The relationship between neutrophil-to-lymphocyte ratio and albuminuria in type 2 diabetic patients: a pilot study
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Submission date: 2014-08-29
Final revision date: 2014-10-28
Acceptance date: 2014-11-03
Online publication date: 2016-05-18
Publication date: 2016-05-16
Arch Med Sci 2016;12(3):571-575
Introduction: Diabetes mellitus (DM) has become a global economic burden due to treatment costs and attendant complications. Albuminuria is the precursor of end stage renal failure and is an inflammatory process. In the recent past, it has been reported that the neutrophil/lymphocyte ratio (NLR), which is a cost-effective and accessible marker, may be a favorable indicator of the inflammatory status. The aim of this study was to investigate the relationship between the neutrophil/lymphocyte ratio and the presence and level of diabetic nephropathy (DN).
Material and methods: A total of 112 patients with type-2 DM who were followed by our internal medicine and nephrology clinics between February 2013 and June 2014 were included in this pilot study and were retrospectively evaluated. All participants had a 24-hour urinary albumin excretion (UAE) record. Demographic parameters, biochemical parameters and albuminuria levels were recorded. Patients were divided into three groups according to their level of albuminuria.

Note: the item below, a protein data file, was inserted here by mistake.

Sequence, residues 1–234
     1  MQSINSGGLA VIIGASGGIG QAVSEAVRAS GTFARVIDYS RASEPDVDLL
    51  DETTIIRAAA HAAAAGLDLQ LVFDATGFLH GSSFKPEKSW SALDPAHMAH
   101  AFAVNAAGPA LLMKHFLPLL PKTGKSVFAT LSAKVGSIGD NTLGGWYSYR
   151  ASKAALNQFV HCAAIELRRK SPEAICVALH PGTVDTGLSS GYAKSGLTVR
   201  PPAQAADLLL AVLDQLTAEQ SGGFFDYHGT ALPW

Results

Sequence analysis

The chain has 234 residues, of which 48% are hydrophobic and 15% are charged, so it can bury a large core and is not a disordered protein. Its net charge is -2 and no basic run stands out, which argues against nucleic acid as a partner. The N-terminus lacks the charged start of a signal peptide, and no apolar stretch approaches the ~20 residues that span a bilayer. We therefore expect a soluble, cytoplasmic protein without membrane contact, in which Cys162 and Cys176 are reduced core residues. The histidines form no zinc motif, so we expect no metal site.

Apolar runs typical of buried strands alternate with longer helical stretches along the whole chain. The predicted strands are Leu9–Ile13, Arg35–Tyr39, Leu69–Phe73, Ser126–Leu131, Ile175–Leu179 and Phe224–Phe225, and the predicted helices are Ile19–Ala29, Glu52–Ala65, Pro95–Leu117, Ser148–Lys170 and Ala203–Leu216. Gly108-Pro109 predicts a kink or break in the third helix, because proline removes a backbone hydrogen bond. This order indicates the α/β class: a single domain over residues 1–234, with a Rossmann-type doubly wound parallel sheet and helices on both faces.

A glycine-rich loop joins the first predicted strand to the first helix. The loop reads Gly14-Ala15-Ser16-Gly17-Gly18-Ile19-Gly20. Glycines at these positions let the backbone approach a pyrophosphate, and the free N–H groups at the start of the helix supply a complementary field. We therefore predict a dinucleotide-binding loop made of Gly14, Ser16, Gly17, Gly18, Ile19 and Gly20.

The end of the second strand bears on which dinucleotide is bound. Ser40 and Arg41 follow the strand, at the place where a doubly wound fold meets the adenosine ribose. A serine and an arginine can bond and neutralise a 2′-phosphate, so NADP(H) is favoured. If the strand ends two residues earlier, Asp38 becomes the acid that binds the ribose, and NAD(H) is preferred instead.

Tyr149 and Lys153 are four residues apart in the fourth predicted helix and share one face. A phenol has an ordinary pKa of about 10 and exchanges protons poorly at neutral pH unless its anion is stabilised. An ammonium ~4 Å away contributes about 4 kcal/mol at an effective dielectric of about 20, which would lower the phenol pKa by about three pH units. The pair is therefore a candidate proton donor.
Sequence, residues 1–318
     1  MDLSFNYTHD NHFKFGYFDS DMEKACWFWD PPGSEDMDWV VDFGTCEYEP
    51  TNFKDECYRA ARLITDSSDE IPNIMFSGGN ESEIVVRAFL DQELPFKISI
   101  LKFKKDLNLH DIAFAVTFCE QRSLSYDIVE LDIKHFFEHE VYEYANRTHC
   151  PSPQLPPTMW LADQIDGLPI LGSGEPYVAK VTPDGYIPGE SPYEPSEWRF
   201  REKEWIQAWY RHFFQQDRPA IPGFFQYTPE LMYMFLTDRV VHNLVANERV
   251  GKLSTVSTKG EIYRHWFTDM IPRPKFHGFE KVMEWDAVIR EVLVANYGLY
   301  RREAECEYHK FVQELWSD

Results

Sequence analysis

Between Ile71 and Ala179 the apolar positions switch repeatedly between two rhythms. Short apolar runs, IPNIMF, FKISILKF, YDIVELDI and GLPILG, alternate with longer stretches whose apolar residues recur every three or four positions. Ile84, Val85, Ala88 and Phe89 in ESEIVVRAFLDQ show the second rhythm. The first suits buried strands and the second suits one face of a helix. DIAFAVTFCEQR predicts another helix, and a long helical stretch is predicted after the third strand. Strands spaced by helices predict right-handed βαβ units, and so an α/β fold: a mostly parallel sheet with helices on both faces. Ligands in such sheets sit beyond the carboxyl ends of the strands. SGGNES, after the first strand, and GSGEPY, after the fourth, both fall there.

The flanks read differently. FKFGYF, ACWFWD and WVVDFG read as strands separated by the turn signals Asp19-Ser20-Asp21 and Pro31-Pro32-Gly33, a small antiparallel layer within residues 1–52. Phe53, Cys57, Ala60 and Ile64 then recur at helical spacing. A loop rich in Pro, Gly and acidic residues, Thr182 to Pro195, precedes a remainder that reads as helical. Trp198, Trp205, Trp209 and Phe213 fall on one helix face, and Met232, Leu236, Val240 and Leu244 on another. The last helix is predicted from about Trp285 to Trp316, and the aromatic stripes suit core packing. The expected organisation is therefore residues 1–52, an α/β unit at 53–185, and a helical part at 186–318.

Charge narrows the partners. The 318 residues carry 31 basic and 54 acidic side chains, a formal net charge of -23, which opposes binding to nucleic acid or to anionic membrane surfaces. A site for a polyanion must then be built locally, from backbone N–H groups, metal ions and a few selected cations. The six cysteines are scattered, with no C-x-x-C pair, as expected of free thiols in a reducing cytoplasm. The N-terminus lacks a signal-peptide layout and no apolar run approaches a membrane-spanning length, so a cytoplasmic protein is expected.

Results: Significant differences were detected between the groups in terms of NLR (p < 0.001). There was a linear increase in NLR in parallel to the increase in 24-hour UAE mean values (p < 0.001). A positive correlation was detected between NLR and C-reactive protein, urea, creatinine, and red cell distribution width. However, 24-hour UAE was negatively correlated with lymphocyte count (p < 0.001).
Conclusions: A high degree of correlation was determined among albuminuria, glomerular filtration rate and NLR levels. These results may suggest the notion that diabetic nephropathy involves an inflammatory process.
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